In the absence of suitable legal framework, Vietnamese start-ups are struggling to secure much-needed capital while investment funds have difficulties navigating the country’s numerous regulatory barriers, said fund managers and policy researchers.
|A panel discussion at the Vietnam Venture Summit 2019.|
Nguyen Ngoc Thu from the Vietnam Innoventures Fund said while start-ups andinvestment funds are recognised under Government Decision 38/2018/ND-CP, Vietnamhas yet to produce laws to govern their activities. The lack of effectiveregulations has made setting up start-ups and securing investment aparticularly daunting task right.
As the country was rapidly adopting and adapting to latest developments in theworld of start-ups, many in Vietnam have had no other choice but to registertheir businesses outside of the country to gain access to capital, according toDirector and Country Representative of NexTrans, a Korea-based investment fundLe Han Tue Lam.
Lam said investors were often hesitant to make financial commitments todomestic start-ups due to Vietnam’s overly complicated capital regulations.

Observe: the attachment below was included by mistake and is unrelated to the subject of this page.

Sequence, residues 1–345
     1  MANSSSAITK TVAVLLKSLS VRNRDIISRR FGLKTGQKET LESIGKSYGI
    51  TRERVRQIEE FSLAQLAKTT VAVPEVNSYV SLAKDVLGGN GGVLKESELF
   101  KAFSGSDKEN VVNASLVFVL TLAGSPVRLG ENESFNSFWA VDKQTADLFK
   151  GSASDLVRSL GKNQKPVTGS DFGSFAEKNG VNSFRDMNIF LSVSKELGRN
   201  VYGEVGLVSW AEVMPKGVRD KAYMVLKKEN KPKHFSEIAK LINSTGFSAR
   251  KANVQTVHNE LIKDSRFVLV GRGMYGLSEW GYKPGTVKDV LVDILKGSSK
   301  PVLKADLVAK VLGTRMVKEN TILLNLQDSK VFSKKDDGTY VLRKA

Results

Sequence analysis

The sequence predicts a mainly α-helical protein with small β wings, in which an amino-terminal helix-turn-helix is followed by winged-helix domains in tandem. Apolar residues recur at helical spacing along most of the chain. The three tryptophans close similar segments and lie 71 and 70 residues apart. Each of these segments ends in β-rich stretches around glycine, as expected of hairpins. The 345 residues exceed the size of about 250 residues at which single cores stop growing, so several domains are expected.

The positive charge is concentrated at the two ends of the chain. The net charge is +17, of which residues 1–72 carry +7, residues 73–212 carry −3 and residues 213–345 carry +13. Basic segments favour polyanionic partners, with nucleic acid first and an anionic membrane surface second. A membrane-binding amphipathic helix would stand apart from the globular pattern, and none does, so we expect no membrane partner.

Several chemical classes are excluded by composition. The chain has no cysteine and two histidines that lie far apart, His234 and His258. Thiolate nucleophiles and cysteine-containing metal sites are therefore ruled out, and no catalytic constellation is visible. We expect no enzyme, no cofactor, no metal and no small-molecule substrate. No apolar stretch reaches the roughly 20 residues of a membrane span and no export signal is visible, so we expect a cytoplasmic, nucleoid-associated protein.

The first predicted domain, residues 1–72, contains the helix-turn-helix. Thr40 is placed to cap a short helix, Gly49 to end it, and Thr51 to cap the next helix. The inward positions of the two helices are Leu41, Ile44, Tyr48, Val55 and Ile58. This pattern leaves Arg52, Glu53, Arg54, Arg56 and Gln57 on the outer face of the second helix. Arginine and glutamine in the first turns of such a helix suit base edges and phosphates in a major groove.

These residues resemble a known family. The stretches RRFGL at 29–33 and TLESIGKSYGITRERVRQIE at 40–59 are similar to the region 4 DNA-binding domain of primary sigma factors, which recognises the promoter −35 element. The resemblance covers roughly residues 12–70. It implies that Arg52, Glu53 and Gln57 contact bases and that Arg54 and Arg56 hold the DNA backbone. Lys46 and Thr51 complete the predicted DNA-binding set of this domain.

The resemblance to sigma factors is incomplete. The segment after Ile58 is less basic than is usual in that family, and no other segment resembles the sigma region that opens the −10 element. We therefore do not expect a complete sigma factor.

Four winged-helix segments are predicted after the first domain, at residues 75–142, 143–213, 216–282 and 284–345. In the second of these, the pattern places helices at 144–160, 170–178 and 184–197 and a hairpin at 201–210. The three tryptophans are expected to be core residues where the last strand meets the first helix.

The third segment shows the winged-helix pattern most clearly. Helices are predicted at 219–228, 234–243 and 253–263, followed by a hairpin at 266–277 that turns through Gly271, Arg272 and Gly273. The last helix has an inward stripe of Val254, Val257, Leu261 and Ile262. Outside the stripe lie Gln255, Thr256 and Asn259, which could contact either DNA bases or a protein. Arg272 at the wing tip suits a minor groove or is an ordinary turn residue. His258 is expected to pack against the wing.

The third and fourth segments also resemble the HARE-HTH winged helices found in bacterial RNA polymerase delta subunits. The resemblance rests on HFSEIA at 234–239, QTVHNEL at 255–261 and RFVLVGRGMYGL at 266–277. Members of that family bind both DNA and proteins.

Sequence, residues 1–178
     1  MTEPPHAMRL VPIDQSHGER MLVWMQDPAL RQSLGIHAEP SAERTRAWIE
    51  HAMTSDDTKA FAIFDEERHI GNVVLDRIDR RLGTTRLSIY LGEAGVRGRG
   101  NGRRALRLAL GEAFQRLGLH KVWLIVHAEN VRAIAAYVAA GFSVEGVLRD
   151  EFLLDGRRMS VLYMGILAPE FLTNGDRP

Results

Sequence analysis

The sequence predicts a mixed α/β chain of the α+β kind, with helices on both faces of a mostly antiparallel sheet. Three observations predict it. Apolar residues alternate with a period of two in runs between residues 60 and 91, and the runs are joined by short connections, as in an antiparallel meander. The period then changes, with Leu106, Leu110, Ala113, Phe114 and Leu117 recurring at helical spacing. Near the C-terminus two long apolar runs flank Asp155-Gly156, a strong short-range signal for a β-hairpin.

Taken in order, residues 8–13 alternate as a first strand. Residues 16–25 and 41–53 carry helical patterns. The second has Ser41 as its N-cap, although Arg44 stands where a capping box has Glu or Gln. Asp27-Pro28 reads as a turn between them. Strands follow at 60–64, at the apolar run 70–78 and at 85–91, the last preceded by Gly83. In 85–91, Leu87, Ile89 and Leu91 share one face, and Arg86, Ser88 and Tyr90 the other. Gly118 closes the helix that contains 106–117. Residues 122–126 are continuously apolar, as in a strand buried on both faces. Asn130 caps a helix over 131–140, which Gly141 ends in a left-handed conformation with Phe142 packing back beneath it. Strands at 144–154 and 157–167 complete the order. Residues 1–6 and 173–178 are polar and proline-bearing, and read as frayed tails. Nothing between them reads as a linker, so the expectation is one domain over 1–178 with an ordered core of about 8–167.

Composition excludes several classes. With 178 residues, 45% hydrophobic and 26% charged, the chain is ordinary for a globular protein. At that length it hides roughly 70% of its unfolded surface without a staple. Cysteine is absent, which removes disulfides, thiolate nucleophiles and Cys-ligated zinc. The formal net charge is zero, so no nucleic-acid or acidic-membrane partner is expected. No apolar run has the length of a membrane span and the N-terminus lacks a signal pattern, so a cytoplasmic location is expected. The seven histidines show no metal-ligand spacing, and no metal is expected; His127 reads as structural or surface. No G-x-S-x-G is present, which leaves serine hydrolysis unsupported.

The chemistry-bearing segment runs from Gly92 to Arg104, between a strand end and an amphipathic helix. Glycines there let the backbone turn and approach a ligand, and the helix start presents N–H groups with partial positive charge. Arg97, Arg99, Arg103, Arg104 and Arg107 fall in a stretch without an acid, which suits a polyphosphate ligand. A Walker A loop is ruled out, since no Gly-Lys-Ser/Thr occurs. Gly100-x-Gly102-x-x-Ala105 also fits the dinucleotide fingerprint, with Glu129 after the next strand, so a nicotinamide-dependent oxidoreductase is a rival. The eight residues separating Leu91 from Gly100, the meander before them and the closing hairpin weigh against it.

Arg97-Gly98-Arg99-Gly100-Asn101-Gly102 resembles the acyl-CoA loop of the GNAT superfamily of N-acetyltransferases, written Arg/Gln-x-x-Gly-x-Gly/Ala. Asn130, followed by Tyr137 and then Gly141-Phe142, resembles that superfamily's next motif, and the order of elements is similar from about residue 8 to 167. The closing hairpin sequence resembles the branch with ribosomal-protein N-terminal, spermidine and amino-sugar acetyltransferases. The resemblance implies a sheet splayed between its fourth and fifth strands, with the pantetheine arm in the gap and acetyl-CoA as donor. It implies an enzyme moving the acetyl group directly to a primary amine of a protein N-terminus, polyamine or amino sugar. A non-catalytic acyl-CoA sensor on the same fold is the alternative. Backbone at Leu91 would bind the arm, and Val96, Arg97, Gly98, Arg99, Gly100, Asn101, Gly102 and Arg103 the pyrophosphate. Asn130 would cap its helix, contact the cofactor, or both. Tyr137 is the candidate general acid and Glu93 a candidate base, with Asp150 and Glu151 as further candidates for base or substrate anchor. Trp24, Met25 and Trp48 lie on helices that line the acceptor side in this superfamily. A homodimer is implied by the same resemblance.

Vietnam still does not have necessary legal frameworks and mechanisms tooversee new business models, making it even more difficult for new start-ups toform and begin operations, said Chu Thi Hoa, deputy head of the Institute ofLegal Science under the Ministry of Justice.
“New business models and methods to call for investment capital are changingfast, especially in the fields of cryptocurrency, fintech and sharing economy,”Hoa said.
“The fact that Vietnam has yet to produce a proper law for start-ups activitiesis only making it worse for businesses to run.”
She said while Vietnam was still learning the ropes with new tools to raisefunds such as initial-coin-offerings (ICO) and security-token-offering (STO)elsewhere in the region start-ups have already moved on to more secure andeffective methods such as initial-exchange-offering (IEO).
Hoa called for the immediate implementation of regulatory sandboxes, whichallows policymakers to pilot and test regulations in a small-scale andcontrolled environment, for start-ups funding.
“Despite Vietnam’s well-positioned place to become the world’s new blockchaincentre, this regulatory void may just waste away out chance to take advantageof the new technology,” she added.
This approach was said to be particularly suitable for testing funding methodsand will allow Vietnamese start-ups to stay in the country instead of settingup shop elsewhere.
“Running such sandbox programme with a high degree of transparency andefficiency will help keep million-dollar businesses in the country,” said NguyenThy Nga, director of V-Startup./.VNA
According to Solidiance Consultancy, transactions on Vietnam’s fintech market could nearly double to US$7.8 billion in 2020 from $4.4 billion last year.
The regulation on the private placement shares of a start-up company is sparking opposing public opinions as the regulation can pose potential risks and create overlaps with other laws.